In my book Vampire: The Masquerade 20th Anniversary Edition the combat system is described as a series of Combat Turns (Page 271-273). Each turn is comprised of three stages :

  • Initiative
  • Attack
  • Resolution

In stage one, every combatant rolls for initiative, then everyone in increasing order of initiative declares their actions. It is stated that the character with the highest initiative performs her action(s) first.

In stage two (this is where it's becoming blurry) character will make their attack rolls (if any declared)

In stage three attacks and damage are resolved by rolling damage and soaking.

My question is: Do the stages two and three behave as the first one in terms of everyone doing their actions before the next stage begins, or do we do stage two and three successively for each character?

For example if we have 4 combatants, Alice, Bob, Charlie and Danielle, the first combat turn should be:

Stage One : Initiative

Alice: 8
Bob: 7
Charlie: 6
Danielle: 5

Actions declaration

Danielle: "I attack Alice."
Charlie: "I attack Dan."
Bob: "I attack Claire."
Alice: "I attack Dan."

Stage Two : Attack

Danielle does not abort her action.
Alice: Gets 5 successes on her attack against Danielle.

Now either we go on with Alice's Stage Three: Resolution to come back to Bob's Stage Two afterwards (Option 1), or we continue on Bob's Stage Two and deal with Alice's Resolution after Danielle's Attack (Option 2).

This is really important because if Alice's attack deals damage to Danielle, Danielle's attack will suffer a dice penalty if we do Alice's resolution before Danielle's attack. One of my players supporting option 1 told me this makes sense because if you, for example, happen to kill your opponent with your attack, being faster than him (= having higher initiative) means you kill him before he can touch you. This does make sense indeed and this is how I went on with the rules. (He also said that he feels being faster gives you nothing if you can't hit (and cause damage/penalty) before your opponent. I tried reasoning with him that you can react to what your opponent does and that's already a great thing but he was not satisfied.)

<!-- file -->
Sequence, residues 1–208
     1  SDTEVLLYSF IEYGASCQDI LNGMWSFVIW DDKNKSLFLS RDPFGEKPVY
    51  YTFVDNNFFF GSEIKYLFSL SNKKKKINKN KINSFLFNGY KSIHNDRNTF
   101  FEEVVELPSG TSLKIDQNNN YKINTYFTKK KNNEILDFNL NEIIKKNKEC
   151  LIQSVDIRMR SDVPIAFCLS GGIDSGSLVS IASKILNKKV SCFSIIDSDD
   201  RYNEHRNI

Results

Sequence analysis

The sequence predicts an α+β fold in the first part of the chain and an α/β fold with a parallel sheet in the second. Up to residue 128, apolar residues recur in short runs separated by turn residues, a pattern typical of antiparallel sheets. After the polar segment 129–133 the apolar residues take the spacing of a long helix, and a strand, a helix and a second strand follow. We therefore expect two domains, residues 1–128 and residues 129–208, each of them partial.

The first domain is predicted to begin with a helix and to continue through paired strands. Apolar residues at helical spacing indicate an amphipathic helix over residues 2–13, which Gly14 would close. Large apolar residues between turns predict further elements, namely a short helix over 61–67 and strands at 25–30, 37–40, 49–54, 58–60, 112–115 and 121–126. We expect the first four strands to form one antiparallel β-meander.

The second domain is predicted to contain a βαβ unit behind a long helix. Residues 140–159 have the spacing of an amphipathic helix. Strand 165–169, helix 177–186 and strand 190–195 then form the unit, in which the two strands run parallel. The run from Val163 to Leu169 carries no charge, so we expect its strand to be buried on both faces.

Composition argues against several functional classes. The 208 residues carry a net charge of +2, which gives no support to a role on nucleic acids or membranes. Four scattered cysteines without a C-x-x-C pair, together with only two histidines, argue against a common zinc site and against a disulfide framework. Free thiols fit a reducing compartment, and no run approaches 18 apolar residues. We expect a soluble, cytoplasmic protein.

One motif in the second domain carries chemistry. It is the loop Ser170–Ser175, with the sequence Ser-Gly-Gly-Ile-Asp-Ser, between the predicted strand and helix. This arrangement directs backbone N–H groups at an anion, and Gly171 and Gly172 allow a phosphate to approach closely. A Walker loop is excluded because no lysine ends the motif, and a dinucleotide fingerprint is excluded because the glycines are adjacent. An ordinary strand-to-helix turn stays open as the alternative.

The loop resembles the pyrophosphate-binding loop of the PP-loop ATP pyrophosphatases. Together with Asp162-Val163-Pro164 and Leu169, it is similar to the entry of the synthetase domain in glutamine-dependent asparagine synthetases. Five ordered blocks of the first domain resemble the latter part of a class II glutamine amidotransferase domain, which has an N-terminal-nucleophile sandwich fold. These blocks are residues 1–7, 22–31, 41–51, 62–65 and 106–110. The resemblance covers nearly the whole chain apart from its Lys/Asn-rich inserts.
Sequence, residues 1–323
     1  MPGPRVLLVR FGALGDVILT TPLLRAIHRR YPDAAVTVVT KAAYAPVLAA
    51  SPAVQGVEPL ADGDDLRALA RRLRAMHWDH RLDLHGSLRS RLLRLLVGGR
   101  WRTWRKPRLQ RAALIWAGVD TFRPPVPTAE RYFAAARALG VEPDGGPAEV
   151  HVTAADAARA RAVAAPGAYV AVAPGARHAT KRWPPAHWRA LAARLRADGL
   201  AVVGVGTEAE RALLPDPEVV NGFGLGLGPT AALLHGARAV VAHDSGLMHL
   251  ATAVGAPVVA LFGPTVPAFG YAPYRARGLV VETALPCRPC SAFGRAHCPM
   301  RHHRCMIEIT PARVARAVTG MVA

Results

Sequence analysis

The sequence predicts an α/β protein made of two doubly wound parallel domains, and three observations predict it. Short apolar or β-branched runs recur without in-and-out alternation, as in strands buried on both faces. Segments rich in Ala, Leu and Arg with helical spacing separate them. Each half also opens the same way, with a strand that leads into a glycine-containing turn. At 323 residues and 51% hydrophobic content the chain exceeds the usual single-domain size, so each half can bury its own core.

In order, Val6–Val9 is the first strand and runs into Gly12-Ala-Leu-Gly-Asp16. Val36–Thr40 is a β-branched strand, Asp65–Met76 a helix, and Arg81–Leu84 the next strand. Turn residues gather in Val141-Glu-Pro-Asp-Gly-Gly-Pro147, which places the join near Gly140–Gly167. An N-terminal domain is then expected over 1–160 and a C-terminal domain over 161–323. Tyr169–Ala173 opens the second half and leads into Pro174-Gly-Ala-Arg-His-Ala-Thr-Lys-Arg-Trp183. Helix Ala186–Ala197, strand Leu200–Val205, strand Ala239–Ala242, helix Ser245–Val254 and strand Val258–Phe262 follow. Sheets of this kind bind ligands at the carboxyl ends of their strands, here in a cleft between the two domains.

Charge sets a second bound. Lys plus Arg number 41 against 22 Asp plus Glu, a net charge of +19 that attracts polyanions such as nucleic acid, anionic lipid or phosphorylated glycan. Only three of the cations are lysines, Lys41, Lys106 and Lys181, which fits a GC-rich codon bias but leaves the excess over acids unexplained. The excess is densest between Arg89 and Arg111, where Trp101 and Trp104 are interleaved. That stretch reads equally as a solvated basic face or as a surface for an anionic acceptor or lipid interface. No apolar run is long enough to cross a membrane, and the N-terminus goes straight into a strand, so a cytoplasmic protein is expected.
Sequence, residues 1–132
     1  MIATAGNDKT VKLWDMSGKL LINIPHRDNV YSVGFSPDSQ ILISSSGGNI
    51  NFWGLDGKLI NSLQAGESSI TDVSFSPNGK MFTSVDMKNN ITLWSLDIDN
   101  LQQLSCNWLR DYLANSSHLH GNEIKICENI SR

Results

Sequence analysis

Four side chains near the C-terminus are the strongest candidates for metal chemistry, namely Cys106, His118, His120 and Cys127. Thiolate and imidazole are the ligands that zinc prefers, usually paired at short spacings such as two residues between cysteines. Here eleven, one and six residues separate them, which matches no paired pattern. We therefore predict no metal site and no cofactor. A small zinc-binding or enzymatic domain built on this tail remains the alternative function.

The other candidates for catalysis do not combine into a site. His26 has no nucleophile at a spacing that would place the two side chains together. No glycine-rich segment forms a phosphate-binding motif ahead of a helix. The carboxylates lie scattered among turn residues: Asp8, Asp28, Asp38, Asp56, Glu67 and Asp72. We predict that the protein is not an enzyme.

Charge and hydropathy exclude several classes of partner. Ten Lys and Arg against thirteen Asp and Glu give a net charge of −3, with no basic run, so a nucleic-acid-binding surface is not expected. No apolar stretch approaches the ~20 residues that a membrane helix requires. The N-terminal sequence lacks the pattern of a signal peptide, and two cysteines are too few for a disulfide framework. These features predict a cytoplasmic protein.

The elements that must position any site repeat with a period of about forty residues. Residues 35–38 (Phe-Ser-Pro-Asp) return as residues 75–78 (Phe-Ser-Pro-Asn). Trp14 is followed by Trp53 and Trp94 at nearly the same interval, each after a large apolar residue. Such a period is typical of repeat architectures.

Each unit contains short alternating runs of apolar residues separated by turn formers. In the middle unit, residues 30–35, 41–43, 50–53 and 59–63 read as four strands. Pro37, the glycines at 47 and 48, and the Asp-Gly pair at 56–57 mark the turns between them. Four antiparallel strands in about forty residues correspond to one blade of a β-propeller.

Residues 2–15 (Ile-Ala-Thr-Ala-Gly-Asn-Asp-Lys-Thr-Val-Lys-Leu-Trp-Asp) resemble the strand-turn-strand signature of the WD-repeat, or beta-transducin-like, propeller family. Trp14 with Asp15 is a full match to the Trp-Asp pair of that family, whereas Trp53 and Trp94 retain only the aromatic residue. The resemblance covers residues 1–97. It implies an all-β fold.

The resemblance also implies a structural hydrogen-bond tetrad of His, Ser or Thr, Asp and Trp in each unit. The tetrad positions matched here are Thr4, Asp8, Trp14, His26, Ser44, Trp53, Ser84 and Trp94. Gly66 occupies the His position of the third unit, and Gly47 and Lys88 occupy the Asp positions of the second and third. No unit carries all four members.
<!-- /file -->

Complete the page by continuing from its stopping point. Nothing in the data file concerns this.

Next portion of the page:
Reading the rules at first I thought Option 2 was what's supposed to happen though, as it should not be separated into three stages but only two if Option 1 was correct.


2 Answers 2


You perform an attack (attack roll, dodge/parry roll) & resolution (damage roll, soak roll, apply damage) successively for each character. Once there are more than two or three total characters in a combat, this is the only flow of play that lets you keep track of the narrative.

Detailed example:

The way the stages of a round are presented in the book is little unclear, because distinctions aren't made between global steps (everyone rolls initiative) and individual actions within the round. I'm going to set aside the book's step divisions to lay out the example.

Step 1: Initiative rolls

Everyone rolls per p271. Determine initiative order. Example rolls:

  • Alice: 8
  • Bob: 7
  • Charlie: 6
  • Danielle: 5

Step 2: Declartions

  • Danielle: "I attack Alice."
  • Charlie: "I attack Dan."
  • Bob: "I activate Celerity for one extra action. With my normal action, I attack Charlie."
  • Alice: "I attack Dan."

Step 3: Actions

  • Alice attacks Dan. Dan may abort to defense (p274 - 275), but chooses not to. The attack roll is resolved, and Alice gets one success. She rolls her damage, then Dan rolls to soak.
  • Bob attacks Charlie, damage is fully resolved
  • Charlie attacks Dan, damage is fully resolved
  • Dan attacks Alice, damage is fully resolved
  • Bob uses his Celerity action to attack Alice
  • 1
    \$\begingroup\$ Ok, so it was how we played it and the book is indeed unclear. Thanks ! \$\endgroup\$
    – Eregrith
    Apr 21, 2015 at 7:56

Damage rolls are made for each character right after he or she rolls to hit

An example of combat can be found in "Example of play" chapter of V20 Corebook on pages 305-306. You may notice the following:

Michelle [rolls to hit for] three successes. Because the ghoul was not attempting to dodge, Michelle rolls DMZ’s damage pool — [rolling 6 successes] — enough to drop the ghoul from Healthy to Crippled in one strike. Though technically the ghoul is still in the fight, Joseph decides that such damage more than suffices to dispatch the lowly minion. The ghoul sinks to his feet, dead or soon to be.

So yes, you can prevent someone from acting at all or at least cripple his dicepools (due to wound penalties) if you are faster and happen to inflict enough damage. Remember that if someone's dicepool drops to zero, he doesn't act at all.

Plus, it helps you not to forget the results of to-hit rolls by the point it comes to resolving damage if there are, say, 20 participants in your battle.


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